Visiting the jungle has always been a therapeutic experience for me. Soaking up in the pleasant green sights and immersing in the sounds of the enchanting natural world, leaving behind the rush of daily urban life is exactly the kind of break I needed.
When Thadam Experiences announced a Nature and Wildlife Photography workshop at Valparai, I jumped on the opportunity and booked myself a slot at the event.
The classes were held at the tranquil Indraprastha bungalow in the Waterfall estate where food and stay were provided.
The accommodation is a British colonial bungalow, restored to provide necessary comforts while holidaying amidst the clouds, chilly winds and lush Tea gardens. Adding to the picturesque setting were the silver oaks and flame of the forests bursting out in red, punctuating the greens. Small river brooks and the occasional waterfalls from the recent monsoon rains added to the spectacle.
The classes were led by Mr. Harishvara Venkat, an eminent photographer and wildlife enthusiast, who has been teaching Wildlife photography to children and nature enthusiasts for many years now and strives to give back to the natural world that he so fiercely loves and protects, in every way he can. Mr. Prakash Ramakrishnan who captured the award winning melanistic and common leopard pair photograph, was also around to guide and offer useful photography tips to the participants during field walks.
“The group comprised of a mix of aspiring student hobbyists, budding amateurs to professionals. Interacting with them opened up a whole new perspective for me in the relatively unknown world of photography.”
What made it equally engaging was the information shared by the friendly naturalist Mr.Lingesh Kalingarayar, on the behaviour and habits of the wildlife subjects we photographed.
Our field trip on that first evening was through the tea gardens in the estate alongside the fragments of forest patches. After spotting a few birds, we spotted a herd of six Indian gaurs grazing on the meadows. As we were marveling at the muscular bulls and cows, an unusual disturbance made them nervous as they suddenly ran in alert. Lingesh observed what spooked them and to all our surprise and excitement, a sloth bear emerged from the tea bushes. The usually shy, solitary animal was totally unaware of our presence and was busy looking for ants and termites to feed on.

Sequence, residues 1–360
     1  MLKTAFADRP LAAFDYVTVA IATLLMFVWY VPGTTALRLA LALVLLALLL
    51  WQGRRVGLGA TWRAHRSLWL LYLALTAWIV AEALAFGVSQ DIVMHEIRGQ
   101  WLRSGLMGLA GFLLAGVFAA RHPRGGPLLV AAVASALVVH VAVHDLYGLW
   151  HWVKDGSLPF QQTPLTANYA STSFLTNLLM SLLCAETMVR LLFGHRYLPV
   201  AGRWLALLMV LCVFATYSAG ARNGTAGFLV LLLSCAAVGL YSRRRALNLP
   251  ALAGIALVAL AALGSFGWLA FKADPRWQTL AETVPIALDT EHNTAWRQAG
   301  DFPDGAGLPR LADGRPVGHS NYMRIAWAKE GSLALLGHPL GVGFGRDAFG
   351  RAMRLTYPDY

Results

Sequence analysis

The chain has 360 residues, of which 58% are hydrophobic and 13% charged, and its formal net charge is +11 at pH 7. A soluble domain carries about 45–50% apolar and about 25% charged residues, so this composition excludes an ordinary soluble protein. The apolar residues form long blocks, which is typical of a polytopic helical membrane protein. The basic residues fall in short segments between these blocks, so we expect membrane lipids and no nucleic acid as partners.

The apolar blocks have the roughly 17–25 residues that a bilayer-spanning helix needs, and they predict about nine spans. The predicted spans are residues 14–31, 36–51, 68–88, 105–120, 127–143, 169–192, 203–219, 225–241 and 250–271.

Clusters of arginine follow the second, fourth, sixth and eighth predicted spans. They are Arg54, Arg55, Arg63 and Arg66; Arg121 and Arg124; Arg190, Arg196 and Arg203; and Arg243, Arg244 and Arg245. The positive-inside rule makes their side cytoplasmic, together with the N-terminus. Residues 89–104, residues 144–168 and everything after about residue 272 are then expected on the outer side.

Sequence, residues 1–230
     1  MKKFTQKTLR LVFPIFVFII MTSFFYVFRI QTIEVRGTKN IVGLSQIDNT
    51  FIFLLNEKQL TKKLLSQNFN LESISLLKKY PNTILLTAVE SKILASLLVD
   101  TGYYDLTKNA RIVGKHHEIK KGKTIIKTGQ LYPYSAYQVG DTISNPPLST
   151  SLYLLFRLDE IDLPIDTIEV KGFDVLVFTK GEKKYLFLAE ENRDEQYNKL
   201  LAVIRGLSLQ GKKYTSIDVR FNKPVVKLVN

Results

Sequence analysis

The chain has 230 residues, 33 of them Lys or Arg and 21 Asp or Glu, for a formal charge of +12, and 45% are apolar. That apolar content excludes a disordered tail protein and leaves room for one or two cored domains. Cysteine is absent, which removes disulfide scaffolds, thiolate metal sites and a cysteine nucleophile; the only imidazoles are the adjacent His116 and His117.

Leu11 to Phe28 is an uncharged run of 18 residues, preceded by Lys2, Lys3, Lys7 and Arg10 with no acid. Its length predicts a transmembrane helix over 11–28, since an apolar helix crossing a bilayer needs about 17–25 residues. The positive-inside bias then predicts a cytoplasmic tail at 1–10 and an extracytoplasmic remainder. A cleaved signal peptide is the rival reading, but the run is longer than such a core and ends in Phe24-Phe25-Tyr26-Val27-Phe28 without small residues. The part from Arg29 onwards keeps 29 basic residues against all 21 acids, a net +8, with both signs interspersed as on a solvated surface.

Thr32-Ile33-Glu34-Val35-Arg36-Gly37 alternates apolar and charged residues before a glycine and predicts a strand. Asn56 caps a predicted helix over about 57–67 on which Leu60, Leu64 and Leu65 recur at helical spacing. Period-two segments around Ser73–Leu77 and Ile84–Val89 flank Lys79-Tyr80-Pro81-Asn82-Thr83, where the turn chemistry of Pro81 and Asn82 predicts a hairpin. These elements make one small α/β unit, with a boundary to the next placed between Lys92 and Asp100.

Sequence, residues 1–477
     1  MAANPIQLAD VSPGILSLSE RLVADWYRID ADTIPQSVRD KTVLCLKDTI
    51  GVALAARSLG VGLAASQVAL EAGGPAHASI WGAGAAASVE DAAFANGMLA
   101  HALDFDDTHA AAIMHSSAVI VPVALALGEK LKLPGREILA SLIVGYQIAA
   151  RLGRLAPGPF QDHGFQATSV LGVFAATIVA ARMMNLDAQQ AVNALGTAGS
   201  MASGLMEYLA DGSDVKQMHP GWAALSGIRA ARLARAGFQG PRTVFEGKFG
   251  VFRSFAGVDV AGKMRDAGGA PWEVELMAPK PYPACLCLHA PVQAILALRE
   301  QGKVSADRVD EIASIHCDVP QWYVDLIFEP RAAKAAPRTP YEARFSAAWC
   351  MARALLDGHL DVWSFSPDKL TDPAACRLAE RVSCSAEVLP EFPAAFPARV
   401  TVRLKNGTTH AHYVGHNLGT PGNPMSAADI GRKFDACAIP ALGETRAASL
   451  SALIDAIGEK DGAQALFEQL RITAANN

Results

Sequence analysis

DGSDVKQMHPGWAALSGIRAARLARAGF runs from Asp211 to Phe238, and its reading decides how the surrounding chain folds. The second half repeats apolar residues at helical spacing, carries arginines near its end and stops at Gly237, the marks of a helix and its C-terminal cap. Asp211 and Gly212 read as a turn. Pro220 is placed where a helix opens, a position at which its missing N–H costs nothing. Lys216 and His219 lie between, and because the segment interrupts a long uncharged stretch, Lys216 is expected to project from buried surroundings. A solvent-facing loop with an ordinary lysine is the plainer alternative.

With its sluggish walk, like on a treasure hunt, the bear was untrue to its sloppy nature as it urgently went raiding on termite mounds like on a frenzy mission. The air was filled with happiness and excitement as I stood along with the shutterbugs and their non-stop clicks. It was an exhilarating experience to have managed a rare sighting and a brilliant way to kick start the tour.
A sumptuous dinner was served for us at the Indraprastha bungalow as we shared stories with our new acquaintances before going to bed.
It was an early start to the following day, as we set out in pursuit of the Great Indian hornbills and Nilgiri Tahrs. Thanks to our Naturalist’s knowledge of the locale, we looked for them in the right places and managed with good sightings of both the Hornbill and Tahrs.
The classes continued, back at the Indraprastha bungalow, as Harish took us through the various techniques and nuances of photography. The evening was windy with drizzles and we had to be content with a lone spotting of a barking deer during the trek.
On the final day, we started off early to Puthuthottam estate in pursuit of the lion tailed macaques and a variety of birds. Upon arriving at Puthuthottam Annexe, a private plantation bungalow operated by Briar tea Bungalows, we spotted a couple of Malabar giant squirrels hanging around on trees. Birds of all varieties chirped and fluttered around – rufous babblers, vernal hanging parrots, orange minivets, scimitar babblers, coppersmith barbet.
“Oooh! I am amazed at the number of species I got to know while birding with the team!”
On return for our final session of the workshop, we had an amazing informative session with Ganesh Raghunathan, a research affiliate with Nature Conservation Foundation, a mysore based NGO pioneering in conservation efforts in a range of wildlife habitats across the country. He shared with us some useful tips on photo composition. He later shared with us, details on the work they do at the Anamalais towards conservation of the rainforests and its endangered habitants.
The workshop came to an end by Sunday afternoon and it was an enriching experience overall. As I bid goodbye to the misty hills and the green tea gardens, I carried nothing but wonderful memories back home.
Our next Workshop: Feb 19th – 21st, 2-16. BOOK YOUR TRIP – https://www.instamojo.com/pollachipapyrus/thadam-nature-and-wildlife-photography-tour-/